New Festwave Institute Aims to Support Racialized Artists through Entrepreneurship

New initiative from the Fabienne Colas Foundation confronts systemic racism in Canada's screen sector

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The Canadian film and television industry continues to confront systemic racism affecting the lives and careers of Black artists, as well as Indigenous creators and People of Colour. The Fabienne Colas Foundation, for example, announced yesterday the launch of the Festwave Institute with the support of the Government of Canada’s Ecosystem Fund. The Festwave Institute serves to bolster the careers of Black entrepreneurs in the Canadian screen sector.

The initiative recognizes the role that entrepreneurship plays in the cultural sector, as 52% of workers in the creative sector are self-employed according to Statistics Canada. (This figure is compared to roughly 12% self-employed Canadians in the overall workforce.) Meanwhile, the creative sector lags behind in racial equity with only 13% of artists identifying as racialized compared to 21% of the overall workforce in Canada.

A recent equity audit of British Columbia’s Knowledge Network, for example, revealed that only 1.7% of pre-commissioning dollars were spent on productions by companies with racialized creators during the previous seven fiscal years. Zero percent went to commissions by Indigenous-owned companies, while the remaining 98.3% of pre-license funding went to companies with white owners.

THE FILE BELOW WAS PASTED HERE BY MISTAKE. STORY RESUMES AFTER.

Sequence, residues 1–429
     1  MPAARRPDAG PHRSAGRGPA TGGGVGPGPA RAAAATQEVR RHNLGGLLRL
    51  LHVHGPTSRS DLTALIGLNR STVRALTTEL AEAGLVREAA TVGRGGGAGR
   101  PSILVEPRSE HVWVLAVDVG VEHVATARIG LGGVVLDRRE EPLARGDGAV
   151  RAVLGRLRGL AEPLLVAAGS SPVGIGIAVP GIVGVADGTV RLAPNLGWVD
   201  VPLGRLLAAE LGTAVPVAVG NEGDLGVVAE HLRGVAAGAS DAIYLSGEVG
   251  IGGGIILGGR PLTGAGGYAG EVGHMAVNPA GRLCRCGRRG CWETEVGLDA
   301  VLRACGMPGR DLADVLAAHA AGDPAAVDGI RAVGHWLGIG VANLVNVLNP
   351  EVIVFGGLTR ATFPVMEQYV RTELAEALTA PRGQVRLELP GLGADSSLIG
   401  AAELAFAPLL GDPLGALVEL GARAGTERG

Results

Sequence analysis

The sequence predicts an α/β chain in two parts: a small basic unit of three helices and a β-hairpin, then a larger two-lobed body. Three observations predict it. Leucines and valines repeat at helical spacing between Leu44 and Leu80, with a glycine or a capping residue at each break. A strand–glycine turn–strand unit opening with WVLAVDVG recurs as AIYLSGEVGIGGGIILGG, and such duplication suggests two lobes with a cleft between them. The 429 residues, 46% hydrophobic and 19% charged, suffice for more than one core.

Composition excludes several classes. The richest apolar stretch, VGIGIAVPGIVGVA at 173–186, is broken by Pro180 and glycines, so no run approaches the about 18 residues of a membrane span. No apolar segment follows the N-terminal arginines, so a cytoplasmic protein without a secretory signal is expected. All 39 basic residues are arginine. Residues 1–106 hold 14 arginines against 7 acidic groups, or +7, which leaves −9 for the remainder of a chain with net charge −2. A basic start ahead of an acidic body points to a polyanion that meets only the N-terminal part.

The Festwave Institute offers skill-training opportunities and business development for Black creators to use the self-starter advantage of entrepreneurship to advance in the creative sector where barriers remain. “We all want to see a Canada where everybody works together side by side, where everybody gets a fair chance to be mentored and trained, to be seen, heard, promoted and supported as they deserve to be,” said Fabienne Colas, in a statement. “The Festwave Institute is a long-held dream that will help bring everybody together to reflect the reality of our diverse Canadian culture on screen and behind the camera.” Colas has developed other opportunities for Black creators in Canada, including the Toronto Black Film Festival and its sister festivals in Montreal and Halifax. TBFF, running February 15-21, includes short programmes like “Being Black in Toronto,” which spotlight emerging talents like Niya Abdullahi and Rennae Byfield.

With the Canadian screen industry generating over $12 billion to the GDP and employing over 170,000 people across the country full-time, the racial disparities are significant. “Film is a way to represent reality and enable voices to be heard, and the sector is a major contributor to our economy,” added the Honourable Pascale St-Onge, Minister of Sport and Minister responsible for CED. “The Fabienne Colas Foundation quickly understood this need to provide concrete opportunities to Black entrepreneurs, filmmakers, and creators, especially women and members of the LGBTQ2 community. Inclusion and representation are important in our society and take place through the cultural sector, among other things.”

Pat Mullen is the publisher of POV Magazine. He holds a Master’s in Film Studies from Carleton University where his research focused on adaptation and Canadian cinema. Pat has also contributed to outlets including The Canadian Encyclopedia, Paste, That Shelf, Sharp, and Complex. He is the vice president of the Toronto Film Critics Association.

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